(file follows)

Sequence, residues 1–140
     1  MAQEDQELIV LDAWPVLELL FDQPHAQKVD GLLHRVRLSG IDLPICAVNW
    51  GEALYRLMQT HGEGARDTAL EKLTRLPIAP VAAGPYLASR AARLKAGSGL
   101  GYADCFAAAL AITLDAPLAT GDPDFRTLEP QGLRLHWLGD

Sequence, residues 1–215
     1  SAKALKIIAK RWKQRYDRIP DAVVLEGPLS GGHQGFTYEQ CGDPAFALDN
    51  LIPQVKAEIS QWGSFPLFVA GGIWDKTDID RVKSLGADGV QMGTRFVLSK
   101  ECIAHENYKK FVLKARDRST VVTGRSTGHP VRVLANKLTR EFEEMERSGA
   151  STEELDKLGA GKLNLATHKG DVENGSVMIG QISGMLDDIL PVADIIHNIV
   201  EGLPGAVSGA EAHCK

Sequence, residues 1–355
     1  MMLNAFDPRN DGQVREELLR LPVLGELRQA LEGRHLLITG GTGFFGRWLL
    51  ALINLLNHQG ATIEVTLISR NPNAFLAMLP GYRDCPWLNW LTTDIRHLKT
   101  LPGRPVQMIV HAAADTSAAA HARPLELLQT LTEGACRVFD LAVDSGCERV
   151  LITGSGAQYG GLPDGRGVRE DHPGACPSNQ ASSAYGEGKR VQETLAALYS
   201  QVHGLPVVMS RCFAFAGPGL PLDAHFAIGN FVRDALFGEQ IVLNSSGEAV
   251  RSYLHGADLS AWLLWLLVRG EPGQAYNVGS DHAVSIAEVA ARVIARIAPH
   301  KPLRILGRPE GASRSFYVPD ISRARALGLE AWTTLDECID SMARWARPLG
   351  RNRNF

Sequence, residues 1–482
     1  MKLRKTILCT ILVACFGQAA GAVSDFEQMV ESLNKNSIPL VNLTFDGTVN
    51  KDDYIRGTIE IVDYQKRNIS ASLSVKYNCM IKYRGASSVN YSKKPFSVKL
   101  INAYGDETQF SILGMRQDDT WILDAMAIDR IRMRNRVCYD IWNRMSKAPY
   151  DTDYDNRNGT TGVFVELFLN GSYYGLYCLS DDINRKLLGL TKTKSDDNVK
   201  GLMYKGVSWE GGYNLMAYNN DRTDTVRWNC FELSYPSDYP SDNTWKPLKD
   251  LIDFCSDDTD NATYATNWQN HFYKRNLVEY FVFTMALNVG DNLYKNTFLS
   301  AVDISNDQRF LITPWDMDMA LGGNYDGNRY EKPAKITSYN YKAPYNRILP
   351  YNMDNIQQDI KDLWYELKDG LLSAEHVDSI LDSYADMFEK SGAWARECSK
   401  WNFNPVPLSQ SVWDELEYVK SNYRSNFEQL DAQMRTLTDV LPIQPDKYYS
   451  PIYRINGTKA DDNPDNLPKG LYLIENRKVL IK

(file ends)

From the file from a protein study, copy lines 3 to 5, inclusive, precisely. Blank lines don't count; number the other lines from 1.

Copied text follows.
    51  GEALYRLMQT HGEGARDTAL EKLTRLPIAP VAAGPYLASR AARLKAGSGL
   101  GYADCFAAAL AITLDAPLAT GDPDFRTLEP QGLRLHWLGD

Sequence, residues 1–215